Robert Wenyngton to Thomas Daniel, 25th May 1449

15/16th Century
Location of Original:
British Library

To my Reverend Mayster, Thomas Danyell, Squier for the Kyngs Body, be thys letter delyverd in haste.

Most reverend mayster, I recomaund me on to yowr graceus maystreschup, ever deseryng to her of yowr wurschupfull ustate, the whyche All myghte God mayntayne hyt, and encrese hyt on to hys plesans: Plesyng yow to know of my wellfare, and of all yowr men, at the makyng of thys letter, we wer in gode hele of body i blessyd be God.

Mo over, mayster, I send yow word, by Rauly Pykeryng, of all maters, the whyche I be seche yow yeve hym credens, as he wyll enforme yow of all; so, sur, I beseche yow, in the reverens of God, that ye wyll enforme owr Soverayn Lord the Kyng of all maters that I send yow in thys letter, lyke as I have send a letter to my Lord Chaunseler and to all my Lordys by the sayd Pykeryng; the whyche letter I beseche yow that ye take and delyver to my Lord and all my Lordys by yowr awne handys, and lete the sayd Pykeryng declare all thyngs as he hath sayn and knoweth.

Furst, I send yow word that when we went to see, we toke ij. schyppys of Brast comyng owte of Flaundrys; and then after, ther ys made a grete armyng in Brytayne to mete with me and my felyschyp, that ys to say, the grete schyp of Brast, the grete schyp of the Morleys, the grete schyp of Vanng, with other viij. schyppis, bargys, and balyngers, to the number of iij. mli men; and so we lay in the see to me[te] with them.

And then we mette with a flotte of a c. grete schyppys of Pruse, Lubycke, Campe, Rastocke, Holond, Selond, and Flandres, betwyte Garnyse [_Guernsey_] and Portland; and then I cam abord the Admirall, and bade them stryke in the Kyngys name of Englond, and they bade me skyte in the Kyngs name of Englond; and then I and my feleschyp sayd, but he wyll streke don the sayle, that I wyld over sayle ham by the grace of God, and God wyll send me wynd and wether; and dey bade me do my wurst, by cause I had so fewe schyppys and so smale, that they scornyd with me. And as God wuld, on Fryday last was, we had a gode wynd, and then we armyd to the number of ij. ml. men in my felyschyp, and made us redy for to over sayle them; and then they lonchyd a bote, and sette up a stondert of truesse, and com and spake with me. And ther they were yolded all the hundret schyppys to go with me in what port that me lust and my felawys; but they faothe with me the day before, and schotte atte us a j. ml. gonnys, and quarell owte of number, and have slayn meny of my felyschyp, and meymyd all soo. Wherfor me thyngkyt that they haye forfett bothe schypps and godys at our Soverayn Lord the Kyngys wyll. Besechyng yow that ye do yowr parte in thys mater, for thys I have wrytyn to my Lord Chaunseler and all my Lordys of the Kyngys Counsell; and so I have brofte them, all the c. shyppys, within Wyght, in spyte of them all.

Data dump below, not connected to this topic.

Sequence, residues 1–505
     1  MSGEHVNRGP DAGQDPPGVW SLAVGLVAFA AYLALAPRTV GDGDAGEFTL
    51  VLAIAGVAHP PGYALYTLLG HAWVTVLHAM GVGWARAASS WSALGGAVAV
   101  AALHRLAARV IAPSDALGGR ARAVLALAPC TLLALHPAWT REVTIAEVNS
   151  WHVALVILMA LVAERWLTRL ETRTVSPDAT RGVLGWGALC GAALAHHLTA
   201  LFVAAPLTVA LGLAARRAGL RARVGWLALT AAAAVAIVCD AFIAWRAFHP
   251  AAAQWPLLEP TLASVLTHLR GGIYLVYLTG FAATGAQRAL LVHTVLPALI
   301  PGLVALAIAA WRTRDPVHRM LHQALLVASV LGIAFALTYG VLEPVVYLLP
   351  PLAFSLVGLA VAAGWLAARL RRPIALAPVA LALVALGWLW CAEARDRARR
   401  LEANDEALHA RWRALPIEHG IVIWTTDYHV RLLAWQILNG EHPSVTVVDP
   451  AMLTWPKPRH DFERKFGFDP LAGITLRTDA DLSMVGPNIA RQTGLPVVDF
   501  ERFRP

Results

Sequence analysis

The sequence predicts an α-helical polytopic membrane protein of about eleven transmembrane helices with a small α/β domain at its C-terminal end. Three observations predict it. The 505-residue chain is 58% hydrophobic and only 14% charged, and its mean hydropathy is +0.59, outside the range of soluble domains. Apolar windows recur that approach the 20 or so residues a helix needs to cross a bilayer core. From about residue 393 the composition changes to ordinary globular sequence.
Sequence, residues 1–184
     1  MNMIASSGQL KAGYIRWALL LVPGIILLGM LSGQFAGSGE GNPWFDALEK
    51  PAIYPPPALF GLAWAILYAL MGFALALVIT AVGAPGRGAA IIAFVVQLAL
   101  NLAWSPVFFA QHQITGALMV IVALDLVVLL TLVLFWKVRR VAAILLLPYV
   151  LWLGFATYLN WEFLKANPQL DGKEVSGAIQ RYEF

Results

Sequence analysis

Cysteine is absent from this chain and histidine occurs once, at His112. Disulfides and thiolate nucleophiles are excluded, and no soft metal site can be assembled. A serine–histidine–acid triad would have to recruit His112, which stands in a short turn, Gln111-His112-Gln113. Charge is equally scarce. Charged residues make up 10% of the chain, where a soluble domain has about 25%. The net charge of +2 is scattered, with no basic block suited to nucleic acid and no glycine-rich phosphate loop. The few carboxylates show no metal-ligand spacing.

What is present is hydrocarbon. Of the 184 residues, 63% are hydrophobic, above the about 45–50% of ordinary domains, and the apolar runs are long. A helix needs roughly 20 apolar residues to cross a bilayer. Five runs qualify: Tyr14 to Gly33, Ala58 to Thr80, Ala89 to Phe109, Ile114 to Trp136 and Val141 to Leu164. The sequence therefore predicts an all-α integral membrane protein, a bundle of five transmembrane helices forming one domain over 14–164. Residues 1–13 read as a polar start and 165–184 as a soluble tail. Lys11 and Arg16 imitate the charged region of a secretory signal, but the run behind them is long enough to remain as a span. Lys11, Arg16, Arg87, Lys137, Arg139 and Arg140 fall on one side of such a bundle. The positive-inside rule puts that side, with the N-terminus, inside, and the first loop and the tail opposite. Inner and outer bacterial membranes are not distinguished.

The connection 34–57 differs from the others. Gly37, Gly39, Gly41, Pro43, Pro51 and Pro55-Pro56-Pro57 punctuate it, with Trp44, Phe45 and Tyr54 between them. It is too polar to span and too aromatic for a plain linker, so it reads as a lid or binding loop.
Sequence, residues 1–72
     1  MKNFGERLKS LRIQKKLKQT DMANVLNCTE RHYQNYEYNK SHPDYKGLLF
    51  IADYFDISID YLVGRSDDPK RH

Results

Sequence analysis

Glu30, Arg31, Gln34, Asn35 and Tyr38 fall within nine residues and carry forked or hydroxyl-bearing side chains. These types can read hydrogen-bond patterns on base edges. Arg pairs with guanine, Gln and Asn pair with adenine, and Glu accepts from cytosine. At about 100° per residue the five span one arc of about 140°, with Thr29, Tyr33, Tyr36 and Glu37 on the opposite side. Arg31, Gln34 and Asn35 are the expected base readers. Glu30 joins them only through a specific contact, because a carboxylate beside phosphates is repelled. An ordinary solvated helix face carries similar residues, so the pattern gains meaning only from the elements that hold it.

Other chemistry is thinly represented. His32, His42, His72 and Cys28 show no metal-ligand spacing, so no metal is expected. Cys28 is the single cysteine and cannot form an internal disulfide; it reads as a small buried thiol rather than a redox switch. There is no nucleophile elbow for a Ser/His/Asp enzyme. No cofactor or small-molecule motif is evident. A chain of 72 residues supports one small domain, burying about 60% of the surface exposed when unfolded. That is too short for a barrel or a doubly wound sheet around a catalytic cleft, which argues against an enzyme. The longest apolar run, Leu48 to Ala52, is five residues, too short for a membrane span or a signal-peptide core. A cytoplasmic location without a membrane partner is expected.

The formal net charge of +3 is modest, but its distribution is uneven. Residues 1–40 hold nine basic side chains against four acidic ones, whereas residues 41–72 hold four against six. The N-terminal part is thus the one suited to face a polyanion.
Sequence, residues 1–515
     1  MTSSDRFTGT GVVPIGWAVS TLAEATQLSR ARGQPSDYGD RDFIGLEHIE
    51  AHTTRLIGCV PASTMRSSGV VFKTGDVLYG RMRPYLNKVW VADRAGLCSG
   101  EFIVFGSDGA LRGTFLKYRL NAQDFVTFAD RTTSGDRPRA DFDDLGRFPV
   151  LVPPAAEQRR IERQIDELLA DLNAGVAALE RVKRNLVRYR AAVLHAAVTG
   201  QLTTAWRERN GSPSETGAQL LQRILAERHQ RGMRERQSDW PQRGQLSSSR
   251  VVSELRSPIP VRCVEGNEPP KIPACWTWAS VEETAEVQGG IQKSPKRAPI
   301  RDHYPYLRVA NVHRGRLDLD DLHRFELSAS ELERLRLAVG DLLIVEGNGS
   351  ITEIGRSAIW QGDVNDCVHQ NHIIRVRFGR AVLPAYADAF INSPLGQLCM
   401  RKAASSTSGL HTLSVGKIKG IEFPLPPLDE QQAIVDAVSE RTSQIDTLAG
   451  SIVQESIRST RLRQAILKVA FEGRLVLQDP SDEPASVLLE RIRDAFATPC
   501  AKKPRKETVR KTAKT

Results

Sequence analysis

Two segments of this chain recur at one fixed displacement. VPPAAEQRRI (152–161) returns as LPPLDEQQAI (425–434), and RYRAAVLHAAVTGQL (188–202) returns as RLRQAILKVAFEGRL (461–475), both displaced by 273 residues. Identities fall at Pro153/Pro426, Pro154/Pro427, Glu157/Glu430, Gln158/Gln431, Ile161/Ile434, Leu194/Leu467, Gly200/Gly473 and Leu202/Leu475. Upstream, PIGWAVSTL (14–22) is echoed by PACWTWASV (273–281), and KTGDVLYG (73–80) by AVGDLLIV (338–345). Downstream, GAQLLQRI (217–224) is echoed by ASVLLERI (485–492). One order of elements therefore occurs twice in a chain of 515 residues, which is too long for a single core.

And ye myght gete leve of owr Soverayn Lord the Kyng to com hydder, hyt schall turne yow to grete wurschup and profett, to helpe make owr a poyntement in the Kyngs name, for ye sawe never suche a syght of schyppys take in to Englond this c. wynter; for we ly armyd nyght and day to kepe them, in to the tyme that we have tydengs of our Soverayn and hys counsell. For truly they have do harme to me, and to my feleschyp, and to yowr schyppys more [than] ij. ml. li. worth harme; and therfor I am avesyd, and all my feleschyp, to droune them and slee them, withoute that we hafe tydyngs from owr Soverayn the Kyng and hys counsell. And therfor, in the reverens of God, come ye yowr self, and ye schall have a grete avayle and wurschup of yowr comyng to see a suche syght, for I der well sey that I have her at this tyme all the cheff schyppys of Duchelond, Holond, Selond, and Flaundrys, and now hyt wer tyme for to trete for a fynell pese as for that partyes.

I writ no more to yow at this tyme, but All myghty Jesus have yow in hys kepyng. I writ in hast, within Wyght, on Soneday at nyght after the Ascencion of owr Lord.

By yowr owne Servant,


The privileges of the merchants of the Hanseatic League were withdrawn by Henry VI in 1447, leading to this attack on Hansa ship in 1449. In due course there was an armistice before the fighting of the Anglo-Hanseatic War, 1469 to 1474. The importance of the wool and cloth trade to England required peace.

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